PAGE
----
by Brandi Morin
(ANNews) – A Calgary based Cree/Metis Registered Provisional Psychologist says it’s essential for Indigenous People to decolonize the way they process anxiety and trauma in order to be healthy.
Given the Coronavirus pandemic adding stress, depression and feelings of uncertainty to many communities it is an opportunity to reconnect with Indigenous ways of processing traumatic experiences.
Dr. Karlee Fellner specializes in developing Indigenous based therapies at the University of Calgary.
She believes the Coronavirus pandemic contains a lesson connected to Indigenous world views.
“From an Indigenous worldview, we recognize everything is interconnected,” said Fellner. “Something like this pandemic (now, I got this from my elders) is not just a random event. There’s some kind of purpose and meaning to it.”
While mainstream society deals with increased mental health awareness due to Coronavirus, Indigenous Peoples have been battling a mental health epidemic of their own for decades.
Canada’s Indigenous population represents just 4.3 per cent of the overall population, yet suicide rates among Indigenous youth are 5 to 6 times the rate of mainstream Canada.
According to Mental Health and Suicides in Indigenous Communities in Canada published by the Canadian Federation of Medical Students (2017), the “cultural heritage of colonialism” and “the now-defunct federal Indian Residential school system (created under direction of the Indian Act) left a legacy of physical and psychological trauma which has contributed to the disproportionately high suicide rate seen in some Indigenous communities.”
However, the same study noted that suicide is not universally pervasive within Indigenous communities, “A strong sense of culture and ownership of community has been shown to be protective against suicide and self-harm behaviours in some communities.”
Connecting back to traditions, cultural and Indigenous spirituality is key to restoring the overall health and healing of Indigenous Peoples, says Fellner.
The symptoms of the Coronavirus, according to Fellner and her elders, are similar to the symptoms that the earth is experiencing through pollution and global warming. When the earth hurts, so does humanity, she explained.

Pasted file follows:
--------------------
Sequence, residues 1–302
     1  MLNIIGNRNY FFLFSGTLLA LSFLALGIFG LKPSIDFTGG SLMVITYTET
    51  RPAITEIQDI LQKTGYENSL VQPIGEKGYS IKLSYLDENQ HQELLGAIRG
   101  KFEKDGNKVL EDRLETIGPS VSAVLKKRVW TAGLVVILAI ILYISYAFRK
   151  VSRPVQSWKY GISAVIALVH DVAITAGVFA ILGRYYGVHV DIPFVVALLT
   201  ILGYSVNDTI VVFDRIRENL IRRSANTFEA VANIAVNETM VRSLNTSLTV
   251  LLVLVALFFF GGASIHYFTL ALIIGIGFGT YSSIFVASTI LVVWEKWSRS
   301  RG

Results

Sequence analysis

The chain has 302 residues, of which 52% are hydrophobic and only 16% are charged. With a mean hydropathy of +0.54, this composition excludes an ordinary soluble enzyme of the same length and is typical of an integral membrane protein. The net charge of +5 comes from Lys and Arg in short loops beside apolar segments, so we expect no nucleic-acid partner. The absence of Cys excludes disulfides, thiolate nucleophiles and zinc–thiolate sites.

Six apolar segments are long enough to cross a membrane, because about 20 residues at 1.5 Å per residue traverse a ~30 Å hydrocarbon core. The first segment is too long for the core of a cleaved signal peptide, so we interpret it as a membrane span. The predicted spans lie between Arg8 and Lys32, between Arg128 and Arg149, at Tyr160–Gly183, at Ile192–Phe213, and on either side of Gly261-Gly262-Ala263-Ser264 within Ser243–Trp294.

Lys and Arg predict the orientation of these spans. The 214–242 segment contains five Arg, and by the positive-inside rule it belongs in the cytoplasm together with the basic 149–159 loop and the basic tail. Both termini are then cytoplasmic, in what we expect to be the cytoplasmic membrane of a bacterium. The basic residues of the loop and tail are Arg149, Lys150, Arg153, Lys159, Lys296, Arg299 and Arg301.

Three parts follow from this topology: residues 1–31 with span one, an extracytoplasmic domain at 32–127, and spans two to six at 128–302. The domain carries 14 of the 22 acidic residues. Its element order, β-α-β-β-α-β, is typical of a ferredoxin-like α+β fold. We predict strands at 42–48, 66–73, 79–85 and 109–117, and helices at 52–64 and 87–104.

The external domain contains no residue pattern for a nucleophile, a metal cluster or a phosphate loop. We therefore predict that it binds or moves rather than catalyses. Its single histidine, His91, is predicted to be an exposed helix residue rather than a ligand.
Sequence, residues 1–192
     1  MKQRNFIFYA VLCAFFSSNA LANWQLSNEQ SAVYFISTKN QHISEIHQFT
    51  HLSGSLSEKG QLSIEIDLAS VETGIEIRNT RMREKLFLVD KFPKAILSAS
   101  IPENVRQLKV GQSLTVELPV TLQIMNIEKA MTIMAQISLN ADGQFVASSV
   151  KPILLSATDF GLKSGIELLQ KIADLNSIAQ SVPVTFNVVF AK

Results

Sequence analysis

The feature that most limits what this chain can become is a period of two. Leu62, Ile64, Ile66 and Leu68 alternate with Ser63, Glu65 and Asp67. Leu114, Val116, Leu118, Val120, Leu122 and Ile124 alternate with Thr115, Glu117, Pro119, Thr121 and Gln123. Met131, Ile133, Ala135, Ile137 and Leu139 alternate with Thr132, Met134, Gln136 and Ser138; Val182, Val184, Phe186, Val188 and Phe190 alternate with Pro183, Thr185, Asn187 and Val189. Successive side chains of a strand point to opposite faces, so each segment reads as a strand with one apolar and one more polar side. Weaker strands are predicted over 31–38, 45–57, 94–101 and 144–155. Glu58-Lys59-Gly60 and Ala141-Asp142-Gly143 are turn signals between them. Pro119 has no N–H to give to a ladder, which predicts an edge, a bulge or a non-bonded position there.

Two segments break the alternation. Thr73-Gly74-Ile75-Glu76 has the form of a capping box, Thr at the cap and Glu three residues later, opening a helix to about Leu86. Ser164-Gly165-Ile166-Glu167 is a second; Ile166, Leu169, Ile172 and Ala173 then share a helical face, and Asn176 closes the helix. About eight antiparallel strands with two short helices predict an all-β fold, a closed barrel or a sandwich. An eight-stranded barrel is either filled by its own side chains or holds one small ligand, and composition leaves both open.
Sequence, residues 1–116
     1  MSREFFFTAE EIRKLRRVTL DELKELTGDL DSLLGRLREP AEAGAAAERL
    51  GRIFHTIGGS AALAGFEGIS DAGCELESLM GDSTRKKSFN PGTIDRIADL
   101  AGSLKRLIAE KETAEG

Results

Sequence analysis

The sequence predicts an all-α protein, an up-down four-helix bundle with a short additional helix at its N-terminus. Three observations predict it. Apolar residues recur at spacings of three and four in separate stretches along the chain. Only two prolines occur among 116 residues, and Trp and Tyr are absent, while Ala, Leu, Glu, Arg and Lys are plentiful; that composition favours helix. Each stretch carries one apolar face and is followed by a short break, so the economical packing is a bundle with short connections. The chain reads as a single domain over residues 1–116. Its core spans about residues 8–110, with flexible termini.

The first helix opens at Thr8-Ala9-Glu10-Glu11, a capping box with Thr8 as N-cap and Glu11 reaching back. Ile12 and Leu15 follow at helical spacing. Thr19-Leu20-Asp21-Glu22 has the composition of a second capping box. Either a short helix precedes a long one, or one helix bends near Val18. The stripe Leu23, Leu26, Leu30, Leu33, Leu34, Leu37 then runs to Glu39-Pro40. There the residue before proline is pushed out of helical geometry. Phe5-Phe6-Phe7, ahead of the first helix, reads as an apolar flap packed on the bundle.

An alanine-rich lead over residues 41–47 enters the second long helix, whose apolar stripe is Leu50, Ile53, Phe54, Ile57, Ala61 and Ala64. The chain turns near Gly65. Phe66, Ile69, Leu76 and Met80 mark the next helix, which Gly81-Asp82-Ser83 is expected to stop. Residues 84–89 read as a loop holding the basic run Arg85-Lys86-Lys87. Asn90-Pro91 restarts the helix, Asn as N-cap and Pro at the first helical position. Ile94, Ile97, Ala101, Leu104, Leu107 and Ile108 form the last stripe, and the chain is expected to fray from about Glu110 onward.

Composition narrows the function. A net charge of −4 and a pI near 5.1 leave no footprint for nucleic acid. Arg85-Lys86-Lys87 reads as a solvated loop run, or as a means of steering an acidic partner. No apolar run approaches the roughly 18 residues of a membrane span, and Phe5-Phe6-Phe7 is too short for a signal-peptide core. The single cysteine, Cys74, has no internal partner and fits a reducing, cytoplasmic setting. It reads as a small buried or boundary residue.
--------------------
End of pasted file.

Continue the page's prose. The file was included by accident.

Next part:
“Like the COVID-19, when a person is having trouble breathing and having a fever, this is what we’re seeing on the earth from the unsustainable way we’ve been living. So, the Indigenous worldview here is very different than a colonial viewpoint – and a virus is a teacher.”
Returning to Indigenous ways of being will help heal anxiety, stress, and trauma experienced from ancestors and up until today, she explained.
The high levels of stress many people are feeling is part of a collective struggle, “Each one of us are part of the universe and have been for generations through our family lines. This pandemic – our ancestors survived major pandemics, so this is what’s called trauma knowledge. We are feeling what our ancestors felt when they had to survive.”
There are simple ways to reclaim Indigenous ways of coping, creating balance and connection, she said.
An Indigenous approach of dealing with a tough situation looks at “changing our relationship with our experiences.”
“For example, we want to run from different stuff, and I still try to run away from uncomfy feelings – but if we actually want to listen, to stop and be in a good relationship with it, usually an answer for healing will appear.”
Being isolated for long periods can be overwhelming and some people may be susceptible to depression, she went on to say. The best form of Indigenous therapy she recommends is to reconnect with the land.
“I always go to the land. It’s restoration for me; healing, medicine. For thousands of years we’ve always had traditions of being alone with the land. The land renews itself; the plants are always purifying the air and it’s big, strong and ancient enough to hold anything.”
Fellner is referring to exchanging unpleasant feelings or thoughts with the land and taking in its strength in return.
If people are unable to be on the land or are isolated in an urban area Fellner encourages them to find a “grounding” object and keep it in the house. Sage, smudge, mint, teas, dirt, plants or stones are all examples of utilizing land medicine.
She also encourages people to focus on each day as it comes.
“Don’t resist what is right now. You may be thinking, ‘I want to be out doing this with my friends or going to ceremony’ – those feelings are OK. But understand it’s temporary; this is the way things are and I’ll be OK with it for the time being.”
For more information on Dr. Karlee Fellner’s work head to www.maskihkiy.com